For instance, say your earned income last year was $80,000. That would mean you could put in up to 18%, or $14,400. However, you would be capped at the dollar limit of $13,500.
Now suppose you only put $10,000 into your plan, leaving $3,500 of contribution room unused. In any future tax year, you can contribute that $3,500 to your RRSP in addition to your regular allowable contribution.
Can I take money out of my RRSP?
Yes. The money is yours to withdraw whenever you wish. However, when you take money out of your RRSP, it is included in your regular taxable income for that year. The money from your RRSP will be taxed at your marginal tax rate. This is true even if you’re withdrawing dividends or capital gains inside your plan, which normally would be taxed at a lower rate.
If you are buying a house with the RRSP money, the rules change. If you qualify, you can withdraw a maximum of $20,000 tax-free as a loan from your RRSP to buy a house. However, there are strict conditions you must follow:
1. If you withdraw your contribution within 90 days, you can’t deduct the contribution from your income.
2. You must repay all the money to your RRSP within 16 years.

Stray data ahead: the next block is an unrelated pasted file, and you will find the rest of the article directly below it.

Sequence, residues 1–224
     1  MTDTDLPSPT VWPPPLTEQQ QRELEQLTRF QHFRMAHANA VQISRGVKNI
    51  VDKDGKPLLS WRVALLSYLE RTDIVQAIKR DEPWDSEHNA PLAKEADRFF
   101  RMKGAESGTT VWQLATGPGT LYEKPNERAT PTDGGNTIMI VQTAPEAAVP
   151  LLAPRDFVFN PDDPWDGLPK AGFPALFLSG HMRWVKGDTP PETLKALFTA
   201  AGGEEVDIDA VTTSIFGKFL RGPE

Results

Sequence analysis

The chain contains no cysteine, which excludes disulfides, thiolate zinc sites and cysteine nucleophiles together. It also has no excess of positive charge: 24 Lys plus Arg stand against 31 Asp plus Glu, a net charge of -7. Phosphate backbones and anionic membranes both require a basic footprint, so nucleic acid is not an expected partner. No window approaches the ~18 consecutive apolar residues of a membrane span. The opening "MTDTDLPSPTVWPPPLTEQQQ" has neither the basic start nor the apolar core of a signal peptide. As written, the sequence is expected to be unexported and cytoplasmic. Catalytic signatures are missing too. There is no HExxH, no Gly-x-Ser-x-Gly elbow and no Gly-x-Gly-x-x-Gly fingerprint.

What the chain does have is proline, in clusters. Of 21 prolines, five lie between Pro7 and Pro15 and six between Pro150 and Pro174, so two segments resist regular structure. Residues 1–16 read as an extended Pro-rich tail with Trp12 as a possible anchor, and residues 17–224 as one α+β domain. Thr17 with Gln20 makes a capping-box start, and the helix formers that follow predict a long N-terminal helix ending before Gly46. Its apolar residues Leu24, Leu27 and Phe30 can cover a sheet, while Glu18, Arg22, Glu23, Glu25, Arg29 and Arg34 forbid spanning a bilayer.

3. You must start to repay the money the second year after you make the withdrawal.
4. The minimum annual repayment amount is 1/15 of the money you borrowed.
5. If you miss a payment, the payment amount is added to your taxable income for the year.

How old do I have to be to have a RRSP?

Anybody can have a RRSP as long as they have earned income. Even children who earn money, from a paper-route or working at a convenience store, should file a tax return. By making the government aware that you’ve earned an income, you earn the right to contribute to a RRSP. You can build up the contribution room and carry it forward over the years. So when you do start to make enough income to be taxed, you cut your tax bill by using your back contribution room. To learn more about back contribution room, click here.

How long can I have a RRSP for?

You have to close your RRSP by the end of the year in which you turn 69. To learn what to do with your RRSP when you turn 69, click here.